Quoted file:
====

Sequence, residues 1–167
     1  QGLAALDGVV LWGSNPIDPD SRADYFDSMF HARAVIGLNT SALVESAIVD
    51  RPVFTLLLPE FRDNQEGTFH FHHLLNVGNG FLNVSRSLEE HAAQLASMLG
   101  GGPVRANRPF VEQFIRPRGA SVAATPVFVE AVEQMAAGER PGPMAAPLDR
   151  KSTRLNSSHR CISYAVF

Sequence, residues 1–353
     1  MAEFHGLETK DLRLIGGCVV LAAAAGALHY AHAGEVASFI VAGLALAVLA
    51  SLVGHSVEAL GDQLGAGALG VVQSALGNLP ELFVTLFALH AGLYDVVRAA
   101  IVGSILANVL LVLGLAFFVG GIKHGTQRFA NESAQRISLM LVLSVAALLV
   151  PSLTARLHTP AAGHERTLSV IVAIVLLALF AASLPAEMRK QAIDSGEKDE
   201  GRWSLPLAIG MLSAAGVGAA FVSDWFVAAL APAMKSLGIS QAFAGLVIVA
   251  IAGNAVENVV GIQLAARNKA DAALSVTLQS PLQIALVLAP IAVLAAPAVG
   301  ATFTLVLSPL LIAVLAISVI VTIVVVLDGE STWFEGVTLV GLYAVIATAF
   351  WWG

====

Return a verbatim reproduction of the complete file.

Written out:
Sequence, residues 1–167
     1  QGLAALDGVV LWGSNPIDPD SRADYFDSMF HARAVIGLNT SALVESAIVD
    51  RPVFTLLLPE FRDNQEGTFH FHHLLNVGNG FLNVSRSLEE HAAQLASMLG
   101  GGPVRANRPF VEQFIRPRGA SVAATPVFVE AVEQMAAGER PGPMAAPLDR
   151  KSTRLNSSHR CISYAVF

Sequence, residues 1–353
     1  MAEFHGLETK DLRLIGGCVV LAAAAGALHY AHAGEVASFI VAGLALAVLA
    51  SLVGHSVEAL GDQLGAGALG VVQSALGNLP ELFVTLFALH AGLYDVVRAA
   101  IVGSILANVL LVLGLAFFVG GIKHGTQRFA NESAQRISLM LVLSVAALLV
   151  PSLTARLHTP AAGHERTLSV IVAIVLLALF AASLPAEMRK QAIDSGEKDE
   201  GRWSLPLAIG MLSAAGVGAA FVSDWFVAAL APAMKSLGIS QAFAGLVIVA
   251  IAGNAVENVV GIQLAARNKA DAALSVTLQS PLQIALVLAP IAVLAAPAVG
   301  ATFTLVLSPL LIAVLAISVI VTIVVVLDGE STWFEGVTLV GLYAVIATAF
   351  WWG